The Effects of Therapeutic Tape on Pain, Range of Motion, Power, Balance and Strength in Physically Active Individuals with Patellar Tendinopathy
Master of Science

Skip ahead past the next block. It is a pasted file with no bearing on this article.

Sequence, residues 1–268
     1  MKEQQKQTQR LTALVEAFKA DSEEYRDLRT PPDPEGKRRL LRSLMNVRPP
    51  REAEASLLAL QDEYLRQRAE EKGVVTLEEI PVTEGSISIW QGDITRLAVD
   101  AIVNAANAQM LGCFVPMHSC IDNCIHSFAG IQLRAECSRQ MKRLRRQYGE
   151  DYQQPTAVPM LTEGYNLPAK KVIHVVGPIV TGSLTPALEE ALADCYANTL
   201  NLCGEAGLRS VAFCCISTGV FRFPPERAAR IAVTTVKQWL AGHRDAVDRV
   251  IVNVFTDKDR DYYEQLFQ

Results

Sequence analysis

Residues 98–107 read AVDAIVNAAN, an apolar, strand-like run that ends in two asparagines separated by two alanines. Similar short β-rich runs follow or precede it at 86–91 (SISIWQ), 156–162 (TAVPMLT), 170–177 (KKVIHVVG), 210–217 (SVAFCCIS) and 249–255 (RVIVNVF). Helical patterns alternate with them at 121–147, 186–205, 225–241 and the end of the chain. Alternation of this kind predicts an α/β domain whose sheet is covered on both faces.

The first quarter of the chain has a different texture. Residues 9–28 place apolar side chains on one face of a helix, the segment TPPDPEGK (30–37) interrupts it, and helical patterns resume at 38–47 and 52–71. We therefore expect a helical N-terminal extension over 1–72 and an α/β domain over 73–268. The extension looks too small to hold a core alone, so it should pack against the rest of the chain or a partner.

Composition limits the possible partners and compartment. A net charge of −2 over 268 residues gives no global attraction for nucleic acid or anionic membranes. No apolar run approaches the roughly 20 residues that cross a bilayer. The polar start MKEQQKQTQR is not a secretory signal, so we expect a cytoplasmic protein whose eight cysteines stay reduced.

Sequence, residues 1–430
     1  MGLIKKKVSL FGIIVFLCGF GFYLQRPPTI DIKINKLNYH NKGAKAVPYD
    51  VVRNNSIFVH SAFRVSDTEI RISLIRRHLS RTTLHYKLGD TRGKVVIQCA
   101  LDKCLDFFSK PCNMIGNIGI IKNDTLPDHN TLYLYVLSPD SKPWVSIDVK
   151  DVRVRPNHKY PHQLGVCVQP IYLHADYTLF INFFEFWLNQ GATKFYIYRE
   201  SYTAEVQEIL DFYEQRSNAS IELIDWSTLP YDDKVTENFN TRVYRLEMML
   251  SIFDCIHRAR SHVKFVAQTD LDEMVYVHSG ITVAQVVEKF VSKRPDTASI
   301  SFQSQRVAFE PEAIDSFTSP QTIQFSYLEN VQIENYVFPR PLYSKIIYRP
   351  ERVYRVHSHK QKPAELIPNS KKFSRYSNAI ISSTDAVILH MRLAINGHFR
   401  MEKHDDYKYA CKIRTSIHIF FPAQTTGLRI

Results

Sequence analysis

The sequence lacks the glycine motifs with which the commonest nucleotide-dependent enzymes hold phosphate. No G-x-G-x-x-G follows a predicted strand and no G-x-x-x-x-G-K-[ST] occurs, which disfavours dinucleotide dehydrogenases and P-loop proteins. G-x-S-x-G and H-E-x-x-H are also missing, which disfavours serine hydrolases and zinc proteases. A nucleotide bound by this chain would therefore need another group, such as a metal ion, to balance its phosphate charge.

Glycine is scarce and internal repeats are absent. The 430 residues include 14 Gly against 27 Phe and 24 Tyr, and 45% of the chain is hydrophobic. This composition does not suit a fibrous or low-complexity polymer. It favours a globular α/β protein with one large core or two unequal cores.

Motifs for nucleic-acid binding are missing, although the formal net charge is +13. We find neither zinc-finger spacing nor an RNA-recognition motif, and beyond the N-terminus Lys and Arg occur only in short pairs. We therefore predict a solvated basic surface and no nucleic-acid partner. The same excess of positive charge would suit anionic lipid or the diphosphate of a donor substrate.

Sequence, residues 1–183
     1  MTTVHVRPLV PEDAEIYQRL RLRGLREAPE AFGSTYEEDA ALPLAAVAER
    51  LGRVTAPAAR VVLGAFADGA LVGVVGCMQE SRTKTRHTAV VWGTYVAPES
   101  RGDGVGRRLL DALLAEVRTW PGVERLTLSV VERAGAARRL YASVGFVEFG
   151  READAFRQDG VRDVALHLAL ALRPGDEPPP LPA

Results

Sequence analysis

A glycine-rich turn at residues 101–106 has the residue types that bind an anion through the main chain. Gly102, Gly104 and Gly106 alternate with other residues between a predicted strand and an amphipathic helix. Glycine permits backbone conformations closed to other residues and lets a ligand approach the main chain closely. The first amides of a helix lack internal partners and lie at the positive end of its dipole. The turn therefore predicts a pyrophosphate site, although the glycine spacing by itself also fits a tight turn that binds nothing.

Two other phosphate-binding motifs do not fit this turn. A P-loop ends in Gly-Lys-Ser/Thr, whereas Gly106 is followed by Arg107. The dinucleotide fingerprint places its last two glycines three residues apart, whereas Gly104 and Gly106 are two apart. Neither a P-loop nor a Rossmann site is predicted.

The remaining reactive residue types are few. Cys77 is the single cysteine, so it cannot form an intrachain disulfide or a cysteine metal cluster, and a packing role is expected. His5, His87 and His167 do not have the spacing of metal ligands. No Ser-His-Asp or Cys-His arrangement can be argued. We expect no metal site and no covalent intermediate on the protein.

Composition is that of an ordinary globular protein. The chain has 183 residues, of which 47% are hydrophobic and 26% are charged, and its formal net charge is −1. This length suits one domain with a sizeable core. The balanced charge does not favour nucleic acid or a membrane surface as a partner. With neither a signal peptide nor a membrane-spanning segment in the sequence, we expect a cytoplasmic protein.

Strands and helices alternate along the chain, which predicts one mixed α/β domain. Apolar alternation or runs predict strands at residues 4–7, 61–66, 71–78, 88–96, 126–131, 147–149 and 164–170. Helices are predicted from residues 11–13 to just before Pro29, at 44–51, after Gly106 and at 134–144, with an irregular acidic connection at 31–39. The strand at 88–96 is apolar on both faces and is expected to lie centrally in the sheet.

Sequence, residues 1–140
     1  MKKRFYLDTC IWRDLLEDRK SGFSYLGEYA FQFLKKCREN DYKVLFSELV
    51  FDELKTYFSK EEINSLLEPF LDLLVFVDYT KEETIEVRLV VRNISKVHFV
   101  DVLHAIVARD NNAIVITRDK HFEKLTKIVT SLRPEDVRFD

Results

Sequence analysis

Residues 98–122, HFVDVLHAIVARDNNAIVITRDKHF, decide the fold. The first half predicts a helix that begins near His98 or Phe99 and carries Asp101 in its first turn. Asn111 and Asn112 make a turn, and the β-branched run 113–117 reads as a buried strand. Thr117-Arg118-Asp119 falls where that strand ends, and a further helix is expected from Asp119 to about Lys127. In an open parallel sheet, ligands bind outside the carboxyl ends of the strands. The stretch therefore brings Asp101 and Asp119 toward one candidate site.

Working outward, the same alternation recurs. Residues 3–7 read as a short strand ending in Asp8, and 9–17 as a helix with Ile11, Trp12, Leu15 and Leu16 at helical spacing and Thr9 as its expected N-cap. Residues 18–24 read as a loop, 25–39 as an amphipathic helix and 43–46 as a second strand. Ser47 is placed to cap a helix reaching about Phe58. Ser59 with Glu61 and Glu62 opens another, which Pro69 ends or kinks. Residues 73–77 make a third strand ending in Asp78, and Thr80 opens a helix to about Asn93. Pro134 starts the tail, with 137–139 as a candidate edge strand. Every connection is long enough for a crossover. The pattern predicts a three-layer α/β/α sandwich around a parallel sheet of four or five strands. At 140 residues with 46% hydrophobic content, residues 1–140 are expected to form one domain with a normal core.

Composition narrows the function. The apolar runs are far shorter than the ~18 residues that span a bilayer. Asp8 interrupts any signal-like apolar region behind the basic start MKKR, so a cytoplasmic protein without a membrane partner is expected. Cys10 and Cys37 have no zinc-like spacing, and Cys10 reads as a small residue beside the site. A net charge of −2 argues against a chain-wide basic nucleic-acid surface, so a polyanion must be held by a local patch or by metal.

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Patellar tendinopathy is a common injury found among active populations. Typically, tendon pain and tenderness are the most prevalent symptoms associated with patellar tendinopathy and can range from mild to severe. This can be detrimental for active individuals, considering that the presence of these symptoms can also negatively affect range of motion (ROM), power, balance, and strength. Currently, there is much discrepancy within the literature regarding the effectiveness of conservative treatments like Kinesio tape (KT) or Leukotape (LT). Consequently, it is unknown which type of therapeutic tape is beneficial for decreasing the common symptoms of this injury when compared to no tape (NT) or placebo tape (PT). Therefore, the purpose of this Master’s thesis study was to examine the effects of therapeutic taping on pain, ROM, power, balance, and strength in physically active male and female adults between the ages of 18 and 45, with patellar tendinopathy. Using purposive sampling, ten participants were recruited (M = 25 years; SD = 8.0). Participants committed to four test sessions, each separated by at least one day of rest. One session was allocated to each of the following conditions: NT, PT, LT, and KT. The baseline testing session involved NT and the subsequent taping sessions were randomized for each participant. During the initial NT session, participants were informally interviewed about his/her injury. The participant’s pain level was then measured and the testing sequence was implemented as follows: ROM of the knee joint, strength, power, and balance measures. Pain levels were also measured once again after the participant performed the balance task. To analyze the differences in perception of pain across the different tapes and times of administration, a 4 x 2 (Tape [KT, LT, NT, PT] x Time [Pre, Post]) repeated measures factorial ANOVA was conducted. To examine the potential effects of different taping conditions on ROM, power, balance, and strength, a one-way ANOVA, with taping condition as a repeated measures factor was used. There were no substantial differences found regarding pain, ROM, and power, indicating the effectiveness of therapeutic tape is context specific. From a clinical perspective, therapeutic tape had a tendency to reduce further pain and increase ROM when compared to NT and PT. Strength and balance performances were also substantially improved with the KT application. These results carry several clinical implications that may supplement current rehabilitation procedures for physically active individuals recovering from this injury. The application of KT could be the treatment of choice for health care providers who are considering therapeutic taping as a potential treatment intervention. Future research should consider incorporating more sophisticated laboratory equipment (e.g., EMG) in order to determine the underlying effects associated with therapeutic tape in pathological populations.